# Background

Code generates a book's title and author within start/stop environments. I'd like to redefine the content from those environments as a macro that can be reused elsewhere. For example:

\startbooktitle

Famous Novel Title

\stopbooktitle


# Code

The following code (and countless variations of it) fails to create a macro named BookTitle with a value of Famous Novel Title:

  \definestartstop[booktitle][
before={\define\BookTitle\bgroup},
after={\egroup},
]


# Problem

Regardless of whether bgroup/egroup or begingroup/endgroup are used, the error is:

 ["lasttexerror"]="! Too many }'s",


Using startbuffer and endbuffer results in what looks like infinite recursion.

Dropping the define inside the bgroups compiles, but then the \BookTitle macro is not available elsewhere, and even if it were, the contents between startbooktitle/stopbooktitle would not be captured:

before={\bgroup\define\BookTitle},


# Question

How do you define a macro using the before/after options within a definestartstop command that captures the entire contents of the start/stop command when called?

In other words, how do you transcode:

\startbooktitle

Famous Novel Title

\stopbooktitle


into:

\define\BookTitle{Famous Novel Title}


Are there other possibilities that are preferable to before/after?

• You can't do that with \definestartstop. You have to use a delimited macro for that, i.e. \unexpanded\def\startbooktitle#1\stopbooktitle{do something with #1}. – Henri Menke Apr 22 '20 at 7:54
• \unexpanded is not strictly necessary but good practice to add if your command is not expandable. – Henri Menke Apr 22 '20 at 22:44

Macro definition in TeX require explicit braces, i.e.

\def\foo{...}


Implicit braces like \bgroup and \egroup or any other token that was \let to { or } will not work. The following is invalid

\def\foo\bgroup...\egroup


There are a couple of commands in TeX that allow implicit braces as delimiters, such as \hbox but \def is not one of them. Since you cannot have unbalanced explicit braces in TeX (apart from a few \halign related hacks) you cannot grab the content of an environment from within \definestartstop. However, TeX has your back and you can use a delimited macro for this purpose

\unexpanded\def\stopbooktitle{\stopbooktitle} % Don't expand me, I only delimit things
\unexpanded\def\startbooktitle#1\stopbooktitle{\define\BookTitle{#1}}

\starttext

\startbooktitle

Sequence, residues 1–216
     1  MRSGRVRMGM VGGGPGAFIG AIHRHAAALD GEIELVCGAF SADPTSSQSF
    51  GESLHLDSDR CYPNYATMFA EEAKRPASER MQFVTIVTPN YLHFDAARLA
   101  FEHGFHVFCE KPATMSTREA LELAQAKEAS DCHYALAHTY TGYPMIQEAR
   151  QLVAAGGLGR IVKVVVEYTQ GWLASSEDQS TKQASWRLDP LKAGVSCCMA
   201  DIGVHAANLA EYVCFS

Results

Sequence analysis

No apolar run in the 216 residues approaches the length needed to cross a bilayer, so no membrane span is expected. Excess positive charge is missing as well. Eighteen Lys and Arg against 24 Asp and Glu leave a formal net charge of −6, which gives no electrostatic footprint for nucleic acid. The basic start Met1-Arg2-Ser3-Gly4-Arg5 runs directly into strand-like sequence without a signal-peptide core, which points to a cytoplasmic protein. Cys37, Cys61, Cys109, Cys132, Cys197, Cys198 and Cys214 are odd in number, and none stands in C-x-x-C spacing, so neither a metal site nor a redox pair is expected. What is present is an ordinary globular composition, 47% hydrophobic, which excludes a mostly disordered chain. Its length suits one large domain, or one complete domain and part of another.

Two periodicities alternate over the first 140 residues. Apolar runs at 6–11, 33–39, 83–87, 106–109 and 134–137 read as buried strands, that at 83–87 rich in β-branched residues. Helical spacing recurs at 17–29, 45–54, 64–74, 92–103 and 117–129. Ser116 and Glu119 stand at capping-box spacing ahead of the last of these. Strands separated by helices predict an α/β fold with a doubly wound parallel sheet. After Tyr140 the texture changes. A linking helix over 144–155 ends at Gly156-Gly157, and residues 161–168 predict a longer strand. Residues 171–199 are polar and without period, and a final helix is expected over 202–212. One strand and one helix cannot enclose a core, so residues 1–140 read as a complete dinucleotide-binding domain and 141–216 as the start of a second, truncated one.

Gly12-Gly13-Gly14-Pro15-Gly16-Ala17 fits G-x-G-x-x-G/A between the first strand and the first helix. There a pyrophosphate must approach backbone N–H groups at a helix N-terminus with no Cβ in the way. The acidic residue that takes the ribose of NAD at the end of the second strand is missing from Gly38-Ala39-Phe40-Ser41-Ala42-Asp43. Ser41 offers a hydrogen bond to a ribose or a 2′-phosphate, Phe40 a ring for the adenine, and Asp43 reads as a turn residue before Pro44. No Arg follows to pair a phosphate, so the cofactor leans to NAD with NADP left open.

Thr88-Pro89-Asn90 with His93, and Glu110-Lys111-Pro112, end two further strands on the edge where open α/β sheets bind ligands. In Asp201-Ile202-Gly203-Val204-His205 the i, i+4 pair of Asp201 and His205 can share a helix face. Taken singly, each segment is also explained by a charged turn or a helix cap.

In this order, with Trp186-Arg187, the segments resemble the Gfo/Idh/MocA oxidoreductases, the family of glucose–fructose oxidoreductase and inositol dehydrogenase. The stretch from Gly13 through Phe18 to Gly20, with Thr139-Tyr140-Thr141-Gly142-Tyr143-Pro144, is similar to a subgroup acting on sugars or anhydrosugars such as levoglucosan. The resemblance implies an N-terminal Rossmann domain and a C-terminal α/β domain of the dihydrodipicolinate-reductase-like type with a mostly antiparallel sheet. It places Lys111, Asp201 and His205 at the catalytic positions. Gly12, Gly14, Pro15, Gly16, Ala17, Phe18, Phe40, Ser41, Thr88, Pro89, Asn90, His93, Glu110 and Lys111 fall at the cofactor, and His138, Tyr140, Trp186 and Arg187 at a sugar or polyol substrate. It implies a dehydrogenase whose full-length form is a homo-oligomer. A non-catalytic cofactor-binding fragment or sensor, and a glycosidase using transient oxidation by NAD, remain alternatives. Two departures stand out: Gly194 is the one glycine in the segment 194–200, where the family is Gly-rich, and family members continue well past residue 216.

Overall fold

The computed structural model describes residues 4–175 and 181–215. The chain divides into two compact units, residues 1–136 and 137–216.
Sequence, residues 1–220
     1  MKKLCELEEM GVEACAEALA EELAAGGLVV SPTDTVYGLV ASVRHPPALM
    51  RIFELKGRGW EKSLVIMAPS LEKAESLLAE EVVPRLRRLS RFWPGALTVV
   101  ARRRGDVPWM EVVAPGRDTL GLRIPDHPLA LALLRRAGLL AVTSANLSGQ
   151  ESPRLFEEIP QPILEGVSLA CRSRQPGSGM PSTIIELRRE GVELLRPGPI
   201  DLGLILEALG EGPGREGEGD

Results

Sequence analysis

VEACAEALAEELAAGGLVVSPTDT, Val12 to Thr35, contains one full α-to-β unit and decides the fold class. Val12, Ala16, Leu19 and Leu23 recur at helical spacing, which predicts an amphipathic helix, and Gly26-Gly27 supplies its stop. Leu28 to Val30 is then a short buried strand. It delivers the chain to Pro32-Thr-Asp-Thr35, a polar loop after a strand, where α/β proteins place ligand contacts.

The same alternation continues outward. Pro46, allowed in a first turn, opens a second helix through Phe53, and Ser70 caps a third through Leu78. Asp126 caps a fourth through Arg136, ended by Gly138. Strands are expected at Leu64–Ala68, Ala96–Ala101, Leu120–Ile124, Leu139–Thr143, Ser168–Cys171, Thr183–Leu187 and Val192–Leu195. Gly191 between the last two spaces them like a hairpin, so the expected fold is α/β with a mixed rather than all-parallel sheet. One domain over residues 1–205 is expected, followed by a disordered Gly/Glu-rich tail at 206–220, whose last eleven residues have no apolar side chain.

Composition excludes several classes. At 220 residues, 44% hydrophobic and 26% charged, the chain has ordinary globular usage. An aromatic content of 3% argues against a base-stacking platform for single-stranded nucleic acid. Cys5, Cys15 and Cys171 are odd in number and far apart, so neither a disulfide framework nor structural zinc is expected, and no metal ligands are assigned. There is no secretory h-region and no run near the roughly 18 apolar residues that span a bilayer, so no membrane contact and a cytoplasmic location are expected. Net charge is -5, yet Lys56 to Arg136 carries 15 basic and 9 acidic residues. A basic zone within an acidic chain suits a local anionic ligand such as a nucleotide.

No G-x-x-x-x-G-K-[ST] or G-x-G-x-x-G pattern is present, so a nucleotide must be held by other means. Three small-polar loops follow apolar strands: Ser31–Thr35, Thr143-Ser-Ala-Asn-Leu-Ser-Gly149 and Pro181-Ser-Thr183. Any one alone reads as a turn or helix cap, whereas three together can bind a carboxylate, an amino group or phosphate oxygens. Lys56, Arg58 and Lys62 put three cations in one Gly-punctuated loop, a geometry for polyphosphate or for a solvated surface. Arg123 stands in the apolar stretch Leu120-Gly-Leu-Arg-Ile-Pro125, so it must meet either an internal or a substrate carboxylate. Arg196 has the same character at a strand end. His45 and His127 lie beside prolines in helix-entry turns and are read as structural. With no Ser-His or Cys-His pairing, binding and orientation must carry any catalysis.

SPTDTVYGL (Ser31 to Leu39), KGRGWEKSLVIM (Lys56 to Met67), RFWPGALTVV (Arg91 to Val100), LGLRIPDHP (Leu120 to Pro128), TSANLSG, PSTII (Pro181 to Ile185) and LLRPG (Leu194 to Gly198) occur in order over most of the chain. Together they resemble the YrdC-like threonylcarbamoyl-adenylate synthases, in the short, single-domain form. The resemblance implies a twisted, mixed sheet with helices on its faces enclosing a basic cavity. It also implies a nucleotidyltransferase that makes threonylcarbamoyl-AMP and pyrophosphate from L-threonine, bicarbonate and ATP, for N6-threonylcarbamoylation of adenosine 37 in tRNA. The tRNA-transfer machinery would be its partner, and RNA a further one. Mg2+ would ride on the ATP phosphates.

Famous Novel Title

\stopbooktitle

\meaning\BookTitle

\stoptext


Unfortunately, as you can see this does not trim whitespace and the empty lines are converted to \par and the end-of-line character after the word “Title” is converted into a space. You could now build some complex macro machinery with twisted expansion to remove these tokens, but since I am lazy I just do it in Lua.

\startluacode

function userdata.booktitle()
local t = token.scan_toks()

-- trim from the start
for n = 1, #t do
local cur_tok = t[n].cmdname
if cur_tok == "par_end" or cur_tok == "spacer" then
table.remove(t, n)
else
break
end
end

-- trim from the end
for n = #t, 1, -1 do
local cur_tok = t[n].cmdname
if cur_tok == "par_end" or cur_tok == "spacer" then
table.remove(t, n)
else
break
end
end

token.put_next(t)
end

\stopluacode

\unexpanded\def\stopbooktitle{\stopbooktitle} % Don't expand me, I only delimit things
\unexpanded\def\startbooktitle#1\stopbooktitle{%
\expandafter\define\expandafter\BookTitle\expandafter{\ctxlua{userdata.booktitle()}{#1}}}

\starttext

\startbooktitle

Famous Novel Title

\stopbooktitle

\meaning\BookTitle

\stoptext


• It's more common to use \let\stopbooktitle\relax and you can replace your Lua code in this case with string.strip which removes spaces at the begin and end. – Wolfgang Schuster Apr 23 '20 at 7:38
• @WolfgangSchuster But will string.strip remove \par? At the point where I pass #1 to Lua, the newlines have already been converted to \par. – Henri Menke Apr 23 '20 at 10:39
• Works here without problem for the example, to get rid of \expandafter I set the \BookTitle also with Lua: \ctxlua{context.setvalue("BookTitle",string.strip("#1"))}. – Wolfgang Schuster Apr 23 '20 at 11:41
• @WolfgangSchuster Oh, but that will fully expand #1 which might not be desired and can lead to errors if there is fragile stuff in #1. – Henri Menke Apr 23 '20 at 11:57